Speaking out about a silent killer

With a campaign starting next week to raise awareness of prostate cancer, Health Correspondent MARK NICHOLLS speaks to a woman who lost her 46-year-old husband to the disease.

With a campaign starting next week to raise awareness of prostate cancer, Health Correspondent MARK NICHOLLS speaks to a woman who lost her 46-year-old husband to the disease.

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For James Harber, today is going to be more difficult than usual. It's his 17th birthday, the day he becomes old enough to drive - the day most teenagers cannot wait for.

But for James, it his first birthday since his dad died from prostate cancer. Chris Harber, who ran a car sales business, was a devoted dad who loved spending time with sons James and Jordan, 13, sharing their hobby of kart racing and taking them to the 24-hour motor race at Le Mans.

His widow Anne, 44, said: “It is now hitting home with the 'firsts' starting to come round - the first car, the first birthday. The boys miss him greatly. He did everything with them, he was a really hands on dad.”

What has been particularly hard for the family to come to terms with is that Mr Harber died from a condition often mistakenly thought of as an “old man's disease.” Mrs Harber says: “Prostate cancer is something that happens to young families too.”

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It is this that has prompted her to help raise the profile of the disease ahead of Prostate Cancer Awareness Week, which starts on Monday.

The Prostate Cancer Charity, the group behind the campaign, says that every year 32,000 men are diagnosed with a disease that results in 10,000 deaths annually.

Mrs Harber, of Thorpe End near Norwich, would like to see wider availability of appropriate screening for prostate cancer.

Although the PSA (prostate specific antigen) test is used, this does not signal the presence of the cancer - it is a blood test that can indicate a problem with the prostate.

Now the Prostate Cancer Charity is pressing for a specific test to be developed. Mrs Harber says: “I just feel that if four or five years ago there was general testing for men of 40 years-plus, Chris might have been able to have treatment earlier and would have had a better chance of survival.

“While PSA is not a conclusive test, I do believe men should have the choice to have it. I do not want this to happen to another family because it is devastating.”

Mr Harber was diagnosed in February 2005 after going to the doctors because he was making so many trips to the toilet.

Mrs Harber said: “He had an examination and they said that his prostate had enlarged and he was sent for a PSA test.

“For the whole two years from that diagnosis, our lives changed because the treatment alters the way you live your life as a couple. It affects family life. Chris was really positive all the way through, but he knew what could happen.”

Hormone therapy did not work and the cancer spread to Mr Harber's bones as his condition deteriorated.

“He pulled himself round really brilliantly for Christmas,” said Mrs Harber. “He was determined we were going to have a good Christmas and we did, but it was almost like a switch flicked over on Boxing Day and he started to deteriorate really badly.”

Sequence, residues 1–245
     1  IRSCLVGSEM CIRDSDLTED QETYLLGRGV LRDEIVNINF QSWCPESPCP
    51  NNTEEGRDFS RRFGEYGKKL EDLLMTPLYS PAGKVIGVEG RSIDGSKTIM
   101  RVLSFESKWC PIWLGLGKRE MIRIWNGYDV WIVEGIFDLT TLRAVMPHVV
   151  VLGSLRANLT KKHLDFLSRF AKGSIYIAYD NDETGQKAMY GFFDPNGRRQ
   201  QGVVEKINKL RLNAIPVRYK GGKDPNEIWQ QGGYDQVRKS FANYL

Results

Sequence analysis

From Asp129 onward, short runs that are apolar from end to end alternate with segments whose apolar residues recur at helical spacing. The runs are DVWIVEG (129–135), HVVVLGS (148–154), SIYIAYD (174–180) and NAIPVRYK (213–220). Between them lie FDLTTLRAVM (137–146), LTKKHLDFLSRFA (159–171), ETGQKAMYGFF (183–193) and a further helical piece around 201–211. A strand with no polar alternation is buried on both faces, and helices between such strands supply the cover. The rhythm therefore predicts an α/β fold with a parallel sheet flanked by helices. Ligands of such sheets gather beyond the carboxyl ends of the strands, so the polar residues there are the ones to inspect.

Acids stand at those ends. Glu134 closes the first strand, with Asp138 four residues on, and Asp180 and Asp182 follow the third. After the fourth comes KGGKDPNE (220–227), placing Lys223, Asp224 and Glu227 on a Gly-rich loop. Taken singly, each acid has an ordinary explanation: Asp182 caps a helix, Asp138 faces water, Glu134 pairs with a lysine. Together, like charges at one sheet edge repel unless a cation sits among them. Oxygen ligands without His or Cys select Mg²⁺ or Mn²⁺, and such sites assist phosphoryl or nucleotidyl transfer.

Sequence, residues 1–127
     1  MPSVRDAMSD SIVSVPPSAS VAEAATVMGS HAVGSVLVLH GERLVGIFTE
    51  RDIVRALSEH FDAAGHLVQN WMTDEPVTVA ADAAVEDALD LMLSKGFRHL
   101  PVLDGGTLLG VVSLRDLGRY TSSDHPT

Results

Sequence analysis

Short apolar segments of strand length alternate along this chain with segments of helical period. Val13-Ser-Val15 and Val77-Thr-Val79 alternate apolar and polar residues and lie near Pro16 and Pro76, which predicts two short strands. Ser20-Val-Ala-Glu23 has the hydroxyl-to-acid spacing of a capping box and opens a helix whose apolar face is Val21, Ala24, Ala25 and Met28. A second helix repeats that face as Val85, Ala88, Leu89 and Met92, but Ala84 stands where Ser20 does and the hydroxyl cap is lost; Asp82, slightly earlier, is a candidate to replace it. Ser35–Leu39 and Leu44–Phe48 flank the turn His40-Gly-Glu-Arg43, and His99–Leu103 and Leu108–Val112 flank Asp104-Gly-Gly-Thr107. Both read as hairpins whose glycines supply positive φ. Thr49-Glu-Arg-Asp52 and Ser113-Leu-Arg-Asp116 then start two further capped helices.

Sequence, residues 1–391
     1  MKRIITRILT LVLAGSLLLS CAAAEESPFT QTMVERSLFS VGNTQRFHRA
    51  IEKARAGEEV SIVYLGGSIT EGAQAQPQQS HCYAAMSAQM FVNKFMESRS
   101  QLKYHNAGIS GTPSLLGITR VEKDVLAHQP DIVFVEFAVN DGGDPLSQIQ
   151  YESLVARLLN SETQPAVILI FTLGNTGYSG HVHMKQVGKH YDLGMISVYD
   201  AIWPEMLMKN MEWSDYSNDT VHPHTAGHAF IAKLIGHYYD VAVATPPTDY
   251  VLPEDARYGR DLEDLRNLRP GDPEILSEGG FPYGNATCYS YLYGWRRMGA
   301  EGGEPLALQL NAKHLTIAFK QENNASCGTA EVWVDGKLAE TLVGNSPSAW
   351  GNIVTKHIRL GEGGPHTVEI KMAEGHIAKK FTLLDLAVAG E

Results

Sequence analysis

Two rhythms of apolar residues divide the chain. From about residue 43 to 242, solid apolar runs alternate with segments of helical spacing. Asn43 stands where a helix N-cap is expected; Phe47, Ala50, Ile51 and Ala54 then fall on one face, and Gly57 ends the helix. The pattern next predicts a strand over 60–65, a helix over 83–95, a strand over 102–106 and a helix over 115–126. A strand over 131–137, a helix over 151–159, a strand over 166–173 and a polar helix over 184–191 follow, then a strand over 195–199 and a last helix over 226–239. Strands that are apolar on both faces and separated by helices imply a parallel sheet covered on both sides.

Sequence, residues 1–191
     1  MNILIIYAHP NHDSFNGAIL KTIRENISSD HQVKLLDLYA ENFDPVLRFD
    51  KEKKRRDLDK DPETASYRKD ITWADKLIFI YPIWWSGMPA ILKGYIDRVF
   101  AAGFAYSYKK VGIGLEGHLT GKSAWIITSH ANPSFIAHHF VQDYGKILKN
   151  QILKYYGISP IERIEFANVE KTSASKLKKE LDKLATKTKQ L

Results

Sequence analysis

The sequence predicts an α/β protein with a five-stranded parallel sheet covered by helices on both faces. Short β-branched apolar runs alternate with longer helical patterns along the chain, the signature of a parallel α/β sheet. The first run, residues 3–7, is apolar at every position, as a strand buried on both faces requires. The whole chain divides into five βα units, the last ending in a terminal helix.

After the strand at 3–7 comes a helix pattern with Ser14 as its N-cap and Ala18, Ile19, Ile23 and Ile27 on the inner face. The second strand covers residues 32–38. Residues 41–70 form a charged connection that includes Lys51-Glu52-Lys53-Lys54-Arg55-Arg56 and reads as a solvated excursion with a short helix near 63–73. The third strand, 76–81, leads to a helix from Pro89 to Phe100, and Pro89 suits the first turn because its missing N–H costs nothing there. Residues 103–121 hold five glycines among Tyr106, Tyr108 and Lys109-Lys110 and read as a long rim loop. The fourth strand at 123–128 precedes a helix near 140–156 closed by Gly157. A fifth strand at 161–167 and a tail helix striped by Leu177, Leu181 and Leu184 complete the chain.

He died in hospital on February 17, in the month after his 46th birthday.

Mrs Harber, who works in the advertising department for EDP publisher Archant in Norwich, said: “I want people to realise that prostate cancer kills more than one man every hour. People say you are more likely to die with it and than of it but I would like to see that statement wiped off the face of the earth. It is really devastating when your husband has prostate cancer. ”

Prostate Cancer Charity chief executive John Neate said: “All men need to know about prostate cancer and take a greater interest in their general health. The Prostate Cancer Charity is pressing for the development of a reliable test, capable of distinguishing between aggressive and slow-growing forms of prostate cancer, which can be used for a national screening programme able.

“In the meantime, we believe that all men over 45 need to know that the PSA test is available and that they can seek the test from their GP. They should then expect to be given good, balanced information, which they can use in making their own informed choice about whether to have the test.”


Prostate cancer is often known as the silent killer, because not all men get symptoms and not all men have the same symptoms. Most common are problems with urinating, but symptoms can include lower back, hip or thigh pain or impotence.

The major risk factors for prostate cancer are increasing age, especially past 50; a family history of the disease; a high fat, refined “westernised” diet; being of African or African Caribbean origin.

Most men diagnosed with prostate cancer are over 50. Men from the age of about 40 can be affected, but this is less common. You are two-and-a-half times more likely to get prostate cancer if your father, brother or son has been diagnosed.

Treatment can range from active monitoring, which involves closely observing the cancer and only treating it if required, to removal of the prostate gland. Other treatments include radiotherapy, brachytherapy where radioactive “seeds” are implanted in the prostate. Cryosurgery is a more unusual technique, which involves the freezing the prostate in order to destroy the gland or hormone therapy.

Various events are being held for the awareness week including information points at the Norfolk and Norwich University Hospital and North Brink Practice, Wisbech;

For further information call the Prostate Cancer Charity's free helpline 0800 074 8383, open 10am-4pm Monday to Friday and also 7-9pm on Wednesdays or visit www.prostate-cancer.org.uk